The Matching abacus test
Type of Spiritual Experience
A description of the experience
Andrija Puharich – The Sacred Mushroom
Research at the Round Table Foundation for the past six years has shown that under special environmental conditions many sensitives demonstrate an increase in accuracy and in the amount of intelligence collected by means of telepathy over that found under normal room conditions.
The special environmental conditions are created by placing the sensitive inside of a cubical metal enclosure, or room, called a Faraday Cage.
The Faraday Cage is a copper enclosure whose walls prevent electromagnetic waves and electrostatic effects from passing this metal barrier to the inside. If a radio is taken inside the Faraday Cage it would continue to play as long as the door of the cage is open. But as soon as the door of the Faraday Cage is closed, and providing there is no electric wire passing through the walls, the radio will be completely cut off from the broadcasting station. The radio waves are stopped by the copper wall, and cannot penetrate to the interior of the Faraday Cage.
Likewise, if an electric charge is placed on the walls of the Faraday Cage a person inside will feel no electricity - even if he touches the inside walls of the cage.
The increase in the telepathic prowess of a sensitive was measured by rigidly statistical standards. The method used to measure increase or decrease of telepathic ability was a matching problem test. A familiar example of a matching problem is tossing a coin in the air and calling out whether it will land heads or tails. In other words, in order to be correct one's call must always match the coin face that turns up.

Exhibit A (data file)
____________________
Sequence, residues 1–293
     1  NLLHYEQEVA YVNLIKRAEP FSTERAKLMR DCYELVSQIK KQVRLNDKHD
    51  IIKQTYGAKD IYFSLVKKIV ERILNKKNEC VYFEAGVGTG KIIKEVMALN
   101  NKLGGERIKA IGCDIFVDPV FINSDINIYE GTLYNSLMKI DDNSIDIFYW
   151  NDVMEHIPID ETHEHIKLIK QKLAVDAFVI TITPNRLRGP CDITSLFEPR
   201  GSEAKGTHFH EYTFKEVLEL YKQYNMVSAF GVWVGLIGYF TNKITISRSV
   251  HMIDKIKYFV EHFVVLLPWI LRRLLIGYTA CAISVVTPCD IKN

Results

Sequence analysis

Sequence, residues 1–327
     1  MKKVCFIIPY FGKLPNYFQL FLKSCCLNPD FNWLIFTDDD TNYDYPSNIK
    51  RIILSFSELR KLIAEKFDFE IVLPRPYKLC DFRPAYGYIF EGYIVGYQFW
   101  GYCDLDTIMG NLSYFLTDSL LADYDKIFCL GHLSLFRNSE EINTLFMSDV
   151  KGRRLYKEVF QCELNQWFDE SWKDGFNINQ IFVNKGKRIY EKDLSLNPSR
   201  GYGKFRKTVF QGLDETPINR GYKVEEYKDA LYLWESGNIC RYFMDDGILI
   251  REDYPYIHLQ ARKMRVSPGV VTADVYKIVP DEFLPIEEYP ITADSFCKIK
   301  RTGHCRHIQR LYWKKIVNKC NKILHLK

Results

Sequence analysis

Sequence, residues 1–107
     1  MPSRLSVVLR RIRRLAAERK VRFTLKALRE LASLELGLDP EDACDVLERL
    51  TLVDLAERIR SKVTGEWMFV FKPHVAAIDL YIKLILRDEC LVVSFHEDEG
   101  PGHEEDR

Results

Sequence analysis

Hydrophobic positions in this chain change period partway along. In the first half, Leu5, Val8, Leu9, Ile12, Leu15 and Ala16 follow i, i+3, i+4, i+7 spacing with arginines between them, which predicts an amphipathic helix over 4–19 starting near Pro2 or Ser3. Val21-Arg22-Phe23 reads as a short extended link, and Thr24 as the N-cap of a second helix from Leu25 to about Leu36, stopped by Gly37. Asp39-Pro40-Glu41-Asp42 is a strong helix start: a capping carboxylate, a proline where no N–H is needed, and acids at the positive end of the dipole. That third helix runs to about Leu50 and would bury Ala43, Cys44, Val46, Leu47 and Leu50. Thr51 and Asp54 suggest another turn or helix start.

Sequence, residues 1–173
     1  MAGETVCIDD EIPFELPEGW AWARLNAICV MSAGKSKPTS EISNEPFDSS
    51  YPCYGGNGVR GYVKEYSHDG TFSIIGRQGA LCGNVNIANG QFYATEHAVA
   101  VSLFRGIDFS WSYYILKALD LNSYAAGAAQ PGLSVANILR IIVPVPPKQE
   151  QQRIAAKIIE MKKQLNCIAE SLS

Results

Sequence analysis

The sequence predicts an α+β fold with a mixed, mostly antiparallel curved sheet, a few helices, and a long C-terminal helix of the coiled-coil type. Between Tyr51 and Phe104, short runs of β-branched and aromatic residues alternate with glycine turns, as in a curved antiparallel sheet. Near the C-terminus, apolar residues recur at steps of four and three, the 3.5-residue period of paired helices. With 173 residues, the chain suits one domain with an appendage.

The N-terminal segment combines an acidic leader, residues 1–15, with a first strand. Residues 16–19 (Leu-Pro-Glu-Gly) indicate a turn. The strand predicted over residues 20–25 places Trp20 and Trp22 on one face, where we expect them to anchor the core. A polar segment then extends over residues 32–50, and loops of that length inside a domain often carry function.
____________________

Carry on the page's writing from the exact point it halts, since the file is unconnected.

This principle is used in almost all tests for ESP. We utilized such a test which is called the Matching Abacus Test, MAT for short. It consists of two matching sets of ten different pictures. Each set of pictures is placed in a row. Both rows of pictures are shuffled, and the trial matching of ten pictures is called a run. The pictures are placed under an opaque screen so that the sensitive (the receiver in telepathy) can handle them but cannot see them. The receiver is also blindfolded, so that he cannot see either the pictures or the sender. The pictures are placed in clear plastic boxes so that the receiver cannot touch the surface of the picture, but the sender can clearly see each one.